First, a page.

The yoga of works relies on turning all action into a sacrifice. But the esoteric sense of the outward action is based in the Oneness of all existence, where it is the Divine himself that carries out the sacrifice. A famous sloka of the Gita, frequently recited before taking food, conveys the sense of the integration of knowledge, works and devotion through the mystic Unity: “Brahman is the giving, Brahman is the food-offering, by Brahman it is offered into the Brahman fire, Brahman is that which is to be attained by Samadhi in Brahman-action.”
In the yoga of knowledge, the Divine is the knower, the knowledge and the object of knowledge. Knowledge is not intellectual, but experiential. The sacred Mantra carries the sound-body of the Divine and is the essence of knowledge. Sri Aurobindo describes this relationship: “The Mantra of the divine Consciousness brings its light of revelation, the Mantra of the divine Power its will of effectuation, the Mantra of the divine Ananda its equal fulfillment of the spiritual delight of existence. All word and thought are an outflowering of the great OM,–OM, the Word, the Eternal. Manifest in the forms of sensible objects, manifest in that conscious play of creative self-conception of which forms and objects are the figures, manifest behind in the self-gathered superconscient power of the Infinite, OM is the sovereign source, seed, womb of thing and idea, form and name,–it is itself, integrally, the supreme Intangible, the original Unity, the timeless Mystery self-existent above all manifestation in supernal being.”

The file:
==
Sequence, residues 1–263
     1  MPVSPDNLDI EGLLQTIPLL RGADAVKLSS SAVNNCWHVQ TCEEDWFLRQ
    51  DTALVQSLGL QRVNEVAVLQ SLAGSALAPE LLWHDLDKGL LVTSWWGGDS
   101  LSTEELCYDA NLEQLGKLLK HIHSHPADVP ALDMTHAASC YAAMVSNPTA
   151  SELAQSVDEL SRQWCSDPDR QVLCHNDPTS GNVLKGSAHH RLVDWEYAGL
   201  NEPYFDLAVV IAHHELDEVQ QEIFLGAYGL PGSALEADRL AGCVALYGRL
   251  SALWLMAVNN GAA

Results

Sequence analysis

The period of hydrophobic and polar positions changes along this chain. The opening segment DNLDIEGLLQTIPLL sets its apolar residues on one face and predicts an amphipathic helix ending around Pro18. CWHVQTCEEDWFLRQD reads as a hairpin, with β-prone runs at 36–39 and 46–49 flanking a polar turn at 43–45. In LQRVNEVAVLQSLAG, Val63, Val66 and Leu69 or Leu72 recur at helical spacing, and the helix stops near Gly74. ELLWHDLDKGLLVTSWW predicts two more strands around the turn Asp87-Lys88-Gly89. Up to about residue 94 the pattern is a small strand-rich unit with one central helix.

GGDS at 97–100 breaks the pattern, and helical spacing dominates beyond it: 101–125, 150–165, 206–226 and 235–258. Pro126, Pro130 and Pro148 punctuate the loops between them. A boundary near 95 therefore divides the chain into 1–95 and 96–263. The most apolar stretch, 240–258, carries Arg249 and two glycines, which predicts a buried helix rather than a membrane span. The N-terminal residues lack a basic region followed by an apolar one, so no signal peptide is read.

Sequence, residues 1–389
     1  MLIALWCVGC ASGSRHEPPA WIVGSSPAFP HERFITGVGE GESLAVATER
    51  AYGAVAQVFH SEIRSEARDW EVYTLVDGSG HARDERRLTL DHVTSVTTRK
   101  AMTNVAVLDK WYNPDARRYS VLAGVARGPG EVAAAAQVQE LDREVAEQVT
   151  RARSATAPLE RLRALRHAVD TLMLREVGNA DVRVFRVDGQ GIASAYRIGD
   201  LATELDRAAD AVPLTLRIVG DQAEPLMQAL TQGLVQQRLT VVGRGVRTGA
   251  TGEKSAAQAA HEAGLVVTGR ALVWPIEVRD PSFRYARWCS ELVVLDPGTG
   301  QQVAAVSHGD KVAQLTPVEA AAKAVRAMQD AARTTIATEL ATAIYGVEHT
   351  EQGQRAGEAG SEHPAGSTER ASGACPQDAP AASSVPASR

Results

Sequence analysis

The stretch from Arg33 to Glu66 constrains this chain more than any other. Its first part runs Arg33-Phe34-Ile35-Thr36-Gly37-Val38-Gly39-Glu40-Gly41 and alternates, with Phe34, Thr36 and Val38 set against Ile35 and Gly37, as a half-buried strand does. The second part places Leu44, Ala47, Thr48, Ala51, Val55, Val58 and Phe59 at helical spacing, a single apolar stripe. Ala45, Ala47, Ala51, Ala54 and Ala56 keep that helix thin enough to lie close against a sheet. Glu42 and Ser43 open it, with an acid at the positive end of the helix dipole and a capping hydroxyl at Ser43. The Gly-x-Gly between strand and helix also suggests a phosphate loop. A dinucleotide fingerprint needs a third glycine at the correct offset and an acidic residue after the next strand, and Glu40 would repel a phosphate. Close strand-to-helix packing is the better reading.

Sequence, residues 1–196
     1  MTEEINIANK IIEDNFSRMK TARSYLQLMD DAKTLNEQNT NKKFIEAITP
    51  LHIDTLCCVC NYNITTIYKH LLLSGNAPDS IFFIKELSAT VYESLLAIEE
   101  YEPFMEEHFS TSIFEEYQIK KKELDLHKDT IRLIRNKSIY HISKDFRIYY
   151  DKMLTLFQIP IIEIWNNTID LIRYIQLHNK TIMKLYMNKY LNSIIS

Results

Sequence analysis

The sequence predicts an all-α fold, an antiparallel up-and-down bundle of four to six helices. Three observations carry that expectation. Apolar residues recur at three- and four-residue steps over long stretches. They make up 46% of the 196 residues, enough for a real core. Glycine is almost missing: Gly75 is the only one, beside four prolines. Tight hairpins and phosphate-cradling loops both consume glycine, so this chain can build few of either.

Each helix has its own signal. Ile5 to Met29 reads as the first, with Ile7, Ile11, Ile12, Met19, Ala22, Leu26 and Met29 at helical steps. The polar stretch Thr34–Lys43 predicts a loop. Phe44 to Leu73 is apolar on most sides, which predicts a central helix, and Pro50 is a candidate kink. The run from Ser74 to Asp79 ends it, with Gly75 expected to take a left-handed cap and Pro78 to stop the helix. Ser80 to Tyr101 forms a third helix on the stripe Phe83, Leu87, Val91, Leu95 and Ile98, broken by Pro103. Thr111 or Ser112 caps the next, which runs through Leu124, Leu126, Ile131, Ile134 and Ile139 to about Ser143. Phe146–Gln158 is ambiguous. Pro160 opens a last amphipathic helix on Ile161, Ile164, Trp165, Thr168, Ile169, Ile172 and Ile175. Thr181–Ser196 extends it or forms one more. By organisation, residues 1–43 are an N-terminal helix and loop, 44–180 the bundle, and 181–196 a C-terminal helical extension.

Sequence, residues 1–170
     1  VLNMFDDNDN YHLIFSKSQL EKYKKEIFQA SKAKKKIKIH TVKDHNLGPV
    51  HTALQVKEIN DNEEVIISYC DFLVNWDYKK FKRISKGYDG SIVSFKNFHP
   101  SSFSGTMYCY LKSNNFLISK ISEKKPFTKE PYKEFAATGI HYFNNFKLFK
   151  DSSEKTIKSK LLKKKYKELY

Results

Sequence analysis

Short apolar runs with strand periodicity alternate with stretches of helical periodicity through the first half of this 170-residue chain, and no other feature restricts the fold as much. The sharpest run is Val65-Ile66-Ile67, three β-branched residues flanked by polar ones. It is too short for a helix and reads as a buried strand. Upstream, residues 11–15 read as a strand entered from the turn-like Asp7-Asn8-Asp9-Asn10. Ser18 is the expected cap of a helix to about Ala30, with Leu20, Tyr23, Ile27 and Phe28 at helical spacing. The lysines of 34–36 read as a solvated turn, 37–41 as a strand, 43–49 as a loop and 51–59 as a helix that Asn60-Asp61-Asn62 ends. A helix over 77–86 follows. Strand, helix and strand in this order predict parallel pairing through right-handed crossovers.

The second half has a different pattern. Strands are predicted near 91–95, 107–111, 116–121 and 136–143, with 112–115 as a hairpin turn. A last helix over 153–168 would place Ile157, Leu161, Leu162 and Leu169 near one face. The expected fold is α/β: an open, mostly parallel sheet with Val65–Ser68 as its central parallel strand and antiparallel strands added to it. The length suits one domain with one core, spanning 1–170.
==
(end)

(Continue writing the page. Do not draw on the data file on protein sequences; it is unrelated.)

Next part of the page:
There is a unification of the yoga of works, the yoga of knowledge and the yoga of devotion in the mystic revelation of OM.
OM has been described and lauded in the Upanishads and there are those who hold that OM is the secret sound of all the collective sounds of the entire Universe.
The Mandukya Upanishad defines it thus: “AUM,–A the spirit of the gross and external, Virat, U the spirit of the subtle and internal, Taijasa, M the spirit of the secret superconscient omnipotence, Prajna, OM the Absolute, Turiya”
Sri Aurobindo, Essays on the Gita, Second Series, Part I, Chapter 6, Works, Devotion and Knowledge, pp. 314-315
Sri Aurobindo, Bhagavad Gita and Its Message, page 82, Chapter IV, Sloka 24